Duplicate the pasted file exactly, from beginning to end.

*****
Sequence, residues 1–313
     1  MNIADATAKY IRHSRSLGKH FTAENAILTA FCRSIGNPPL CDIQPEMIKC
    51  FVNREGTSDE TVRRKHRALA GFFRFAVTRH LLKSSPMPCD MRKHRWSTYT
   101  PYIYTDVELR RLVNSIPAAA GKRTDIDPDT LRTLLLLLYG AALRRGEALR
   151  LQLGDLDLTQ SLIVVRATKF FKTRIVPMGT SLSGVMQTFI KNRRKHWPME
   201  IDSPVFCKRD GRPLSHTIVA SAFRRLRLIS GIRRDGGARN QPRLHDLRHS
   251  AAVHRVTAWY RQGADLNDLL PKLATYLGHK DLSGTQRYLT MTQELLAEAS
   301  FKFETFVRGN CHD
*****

Sequence, residues 1–313
     1  MNIADATAKY IRHSRSLGKH FTAENAILTA FCRSIGNPPL CDIQPEMIKC
    51  FVNREGTSDE TVRRKHRALA GFFRFAVTRH LLKSSPMPCD MRKHRWSTYT
   101  PYIYTDVELR RLVNSIPAAA GKRTDIDPDT LRTLLLLLYG AALRRGEALR
   151  LQLGDLDLTQ SLIVVRATKF FKTRIVPMGT SLSGVMQTFI KNRRKHWPME
   201  IDSPVFCKRD GRPLSHTIVA SAFRRLRLIS GIRRDGGARN QPRLHDLRHS
   251  AAVHRVTAWY RQGADLNDLL PKLATYLGHK DLSGTQRYLT MTQELLAEAS
   301  FKFETFVRGN CHD